A: Well, right now he's the 90th man on the roster. He's a guy we brought in that has a very raw skill set, obviously. You watch him throw the football for the first time, in about a nanosecond you say, 'Well, he's not a quarterback.' He had never thrown a football before. But once you start seeing him move around with those long limbs, and you see the type of competitor and really the traits he has as a human being and just as an athlete, you have something to work with. You basically have a lump of clay for these coaches to work with and it's really gratifying to see. We brought him in for a work out, 17 hours from Johannesburg - that's before the connection - [and] you see those coaches kinda beaming, knowing that they have a completely, like our linebackers coach said, a truly blank canvas, because it's not like he came from a small school or he came from a guy that hadn't played since high school. We're talking about a guy that hasn't been able to learn any bad habits because he's never played. I told him anything he's doing that's "a bad habit", he must learn from [the media].

Yes, that last sentence was a joke, for those that need help with humor.

Q: So how did you find this guy? Where did you hear of him?

A: Last fall, we had started talking about it, and a pro scout of ours, John Shaw, was kinda delegated the duty of 'Hey, this is your baby. Let's see what you can do with it. See if you can give me a cluster of guys that are worthwhile and the right age group, the right traits, the right makeup [and to] actually be able to make the transition since it is a major one. But when you look as the roster is going from 80 to 90, we'd much rather as a staff, I don't know about everybody else, but as a staff, we'd rather give the coaches something to work with than just a true camp body that we know is going to be cut in a week or two and is not going to help us get where we want to go. Because injuries, like we learned last year more than anybody, you have to have someone at least viable. If you have someone that can't play or the arrow isn't going up at all, even slightly, you're not going to win when you're playing a 16-game season. Then you factor in the playoffs. You need depth. So hopefully by the sixteenth week, some of these guys that you see in camp, you're like 'Wow, he's got a long way to go.' But we had guys like that last year that by mid-season you're ready to put them in or someone from another team is trying to sign them. So that's kind of a the mindset.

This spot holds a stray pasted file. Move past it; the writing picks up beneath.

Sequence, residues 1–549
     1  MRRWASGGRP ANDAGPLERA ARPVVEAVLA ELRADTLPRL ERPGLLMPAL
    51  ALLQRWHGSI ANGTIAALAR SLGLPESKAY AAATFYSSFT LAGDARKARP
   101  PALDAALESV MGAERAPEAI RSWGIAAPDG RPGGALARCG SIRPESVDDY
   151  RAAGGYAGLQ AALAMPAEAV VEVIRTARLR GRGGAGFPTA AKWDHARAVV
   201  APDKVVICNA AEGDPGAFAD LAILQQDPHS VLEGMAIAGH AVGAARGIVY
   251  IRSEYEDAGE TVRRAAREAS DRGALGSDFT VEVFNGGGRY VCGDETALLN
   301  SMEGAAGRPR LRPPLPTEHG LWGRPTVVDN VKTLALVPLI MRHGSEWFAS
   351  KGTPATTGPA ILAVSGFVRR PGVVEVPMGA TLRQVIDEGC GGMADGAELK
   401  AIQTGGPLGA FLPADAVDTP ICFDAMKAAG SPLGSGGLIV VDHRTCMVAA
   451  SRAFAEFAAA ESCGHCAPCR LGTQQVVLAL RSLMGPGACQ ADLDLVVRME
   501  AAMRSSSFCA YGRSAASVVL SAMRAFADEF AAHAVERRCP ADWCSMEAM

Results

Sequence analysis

Q: How much time is devoted to places like the AFL and CFL? Where do you find guys, as well as the overseas part of this?

A: I don't know how everyone else does it. I've been with two other teams. But I guess with me being in both those leagues, I don't discriminate. Because I would see guys in those leagues where I would say, "Heck, I was in three NFL training camps. That guy can play. Why is he in this league?' So I just figure we scour those leagues as best we can, and maybe we look at 250 guys and we find three guys that look like suspects. And out of three suspects, one guy can play. Dominique Jones we got from Reading Express in a league that I don't think probably 90 percent of people in this country know exist (Indoor Football League). But he came in here on a tryout, ended up being active our first six games [and] was on our practice squad most of the year. That was one of them. We had Teddy Williams. We had a bunch of guys, and that's a credit to our pro scouts. Part of their job description is to study those other leagues and to get film. And it's not easy, because first of all, it's getting easier with the technology we have and the Internet in being able to upload those things, but the tape quality is always not that good. And some of the places we're trying to dig from, the tape quality is bad. But when you're looking at players at small schools, in the same way in the college evaluation process, it takes patience. And you have to have guys that are willing to grind and each play say 'Is that him?' You can't see the number, so as a scout you have to look at his manners. 'Ok, that guy moves like the guy I'm supposed to be watching' or 'His socks are pulled up a certain height than the other corner on the other side, so that must be him.' So if you have patience and you have a go-getter mindset like I feel like our scouts have, they're gonna find a way to find players. We don't have those guys scout those leagues if we don't want to find anybody. Don't come to me and tell me after you looked at every guy in the CFL, Arena League, the IFL or UFL, don't tell me out of 1000 bodies we can't find three guys have a chance. It's a numbers game.

Let me know in the comments if you enjoyed the setup of this post. If it receives enough positive feedback, I'll plan on doing a few more throughout the next week.